The holding means for these embodiments are also the same as those disclosed in my copending applications Ser. No. 08/287,654 filed on Aug. 9, 1994; Ser. No. 08/349,901 filed on Dec. 6, 1994; Ser. No. 08/404,586 filed on Mar. 15, 1995; and Ser. No. 08/584,170 filed on Jan. 11, 1996.

The present invention also comprises a method of lining an existing trench, having a bottom and two vertical walls. To line a single containment trench, a primary liner means is placed along the length of the trench or a separator means and a primary liner means is placed along the length of the trench. The liner means and/or the separator means is then attached to the trench walls, thereby creating juxtaposed vertical segments. For a dual containment trench, a secondary liner is first placed in the trench. A separating means may be then be disposed within the secondary liner and the primary liner is disposed within the separating means, if used, or within the secondary liner means. The liner means and/or the separating means is then attached to the trench walls so as to form juxtaposed vertical segments.

Another embodiment of a method of lining a trench having a bottom, two vertical walls includes forming laterally extending cavities along the trench walls and bottom, the cavities being in spaced relationship along the length of the trench. For a single containment trench, a primary liner means with lateral extensions is placed within the trench. Each lateral extension is disposed within a respective cavity. For a dual containment trench, a secondary liner means with lateral extensions is placed within the trench. Each lateral extension of the secondary liner means is disposed within a respective cavity. The primary liner means with lateral extensions is then placed within the secondary liner means, and the lateral extensions of the primary liner means are then disposed within the respective lateral extension of the secondary liner means.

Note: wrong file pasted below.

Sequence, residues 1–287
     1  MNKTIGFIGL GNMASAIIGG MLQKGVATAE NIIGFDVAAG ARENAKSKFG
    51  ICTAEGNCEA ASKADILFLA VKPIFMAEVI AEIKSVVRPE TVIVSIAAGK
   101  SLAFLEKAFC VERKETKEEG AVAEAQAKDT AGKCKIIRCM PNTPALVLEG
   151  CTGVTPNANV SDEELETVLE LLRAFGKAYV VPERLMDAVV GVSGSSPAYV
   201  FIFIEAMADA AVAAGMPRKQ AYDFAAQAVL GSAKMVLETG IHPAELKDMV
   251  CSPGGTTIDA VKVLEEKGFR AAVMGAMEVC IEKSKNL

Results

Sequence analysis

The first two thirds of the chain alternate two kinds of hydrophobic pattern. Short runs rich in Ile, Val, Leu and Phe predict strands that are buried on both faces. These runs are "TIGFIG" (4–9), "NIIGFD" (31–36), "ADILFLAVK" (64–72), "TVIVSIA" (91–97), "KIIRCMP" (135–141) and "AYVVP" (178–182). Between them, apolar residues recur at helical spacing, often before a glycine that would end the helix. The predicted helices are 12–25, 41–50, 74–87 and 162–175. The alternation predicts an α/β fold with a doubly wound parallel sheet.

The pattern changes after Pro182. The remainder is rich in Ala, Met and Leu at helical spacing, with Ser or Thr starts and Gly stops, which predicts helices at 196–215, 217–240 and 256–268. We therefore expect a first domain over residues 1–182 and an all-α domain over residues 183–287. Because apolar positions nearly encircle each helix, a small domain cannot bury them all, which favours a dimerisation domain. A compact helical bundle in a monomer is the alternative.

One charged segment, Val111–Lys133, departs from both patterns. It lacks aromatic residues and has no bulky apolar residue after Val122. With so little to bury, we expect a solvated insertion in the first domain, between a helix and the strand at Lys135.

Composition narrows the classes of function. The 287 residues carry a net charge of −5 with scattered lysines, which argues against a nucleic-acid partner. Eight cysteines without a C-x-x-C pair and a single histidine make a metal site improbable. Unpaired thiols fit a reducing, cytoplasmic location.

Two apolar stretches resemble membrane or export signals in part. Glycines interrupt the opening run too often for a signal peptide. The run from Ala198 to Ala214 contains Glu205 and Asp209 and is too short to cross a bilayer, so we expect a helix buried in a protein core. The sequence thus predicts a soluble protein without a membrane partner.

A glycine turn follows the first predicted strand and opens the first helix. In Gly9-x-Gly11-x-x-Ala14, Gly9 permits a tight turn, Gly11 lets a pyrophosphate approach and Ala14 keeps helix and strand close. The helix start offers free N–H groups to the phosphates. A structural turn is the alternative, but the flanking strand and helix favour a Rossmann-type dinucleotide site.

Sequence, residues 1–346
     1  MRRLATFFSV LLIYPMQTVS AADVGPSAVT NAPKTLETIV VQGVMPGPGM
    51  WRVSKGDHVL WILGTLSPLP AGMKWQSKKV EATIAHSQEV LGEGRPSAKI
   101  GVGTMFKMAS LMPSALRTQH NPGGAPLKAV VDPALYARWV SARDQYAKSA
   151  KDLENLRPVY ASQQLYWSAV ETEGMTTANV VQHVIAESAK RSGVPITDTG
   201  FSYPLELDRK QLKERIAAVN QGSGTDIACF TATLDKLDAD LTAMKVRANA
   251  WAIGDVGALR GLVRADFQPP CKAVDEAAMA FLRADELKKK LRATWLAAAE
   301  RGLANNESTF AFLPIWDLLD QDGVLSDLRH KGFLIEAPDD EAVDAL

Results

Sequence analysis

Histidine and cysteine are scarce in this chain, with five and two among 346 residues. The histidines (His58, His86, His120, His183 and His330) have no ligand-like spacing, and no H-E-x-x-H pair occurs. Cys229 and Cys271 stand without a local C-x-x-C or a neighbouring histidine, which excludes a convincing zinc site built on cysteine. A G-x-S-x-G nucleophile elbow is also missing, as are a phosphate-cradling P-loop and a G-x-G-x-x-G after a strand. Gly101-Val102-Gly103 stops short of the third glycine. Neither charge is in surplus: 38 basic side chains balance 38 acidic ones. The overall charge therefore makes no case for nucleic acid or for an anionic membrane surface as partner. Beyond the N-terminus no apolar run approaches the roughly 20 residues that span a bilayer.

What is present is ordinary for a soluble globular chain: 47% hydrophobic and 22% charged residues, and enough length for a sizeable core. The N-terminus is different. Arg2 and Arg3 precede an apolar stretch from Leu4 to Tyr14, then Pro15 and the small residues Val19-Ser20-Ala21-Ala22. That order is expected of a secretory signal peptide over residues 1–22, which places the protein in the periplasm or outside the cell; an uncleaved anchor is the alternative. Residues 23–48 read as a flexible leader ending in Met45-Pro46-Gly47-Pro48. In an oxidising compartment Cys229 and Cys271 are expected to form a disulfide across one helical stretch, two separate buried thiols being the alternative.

The trench containment unit is extremely flexible along its length, allowing continuous walls with no joints for two hundred feet or more. The trench containment unit should be an unbroken unit as long as possible to minimize the number of joints which might leak. The primary and secondary liners can have a neutral grade or be sloping as needed. Without an anchoring means, where long trenches occur, there will be expansion of the trench liner beyond the length of the trench. This expansion and subsequent contraction is controlled by anchoring the liner means to the trench walls at intervals throughout the length of the trench. Additionally, accommodations for added length, turns, and intersections may be added as needed.

Therefore, it is an object of the present invention to provide an improved lining system and method for lining a containment trench.

It is also an object of the present invention to provide a means to renew a trench without replacing it in its entirety.

It is also an object of the present invention to provide a system and method for controlling expansion and contraction of the liner means.

These and other objects will become apparent from the following description of the preferred embodiment taken in conjunction with the following drawings, although variations and modifications may be effected without departing from the spirit and scope of the novel concepts of the disclosure.

BRIEF DESCRIPTION OF THE FIGURES OF THE DRAWINGS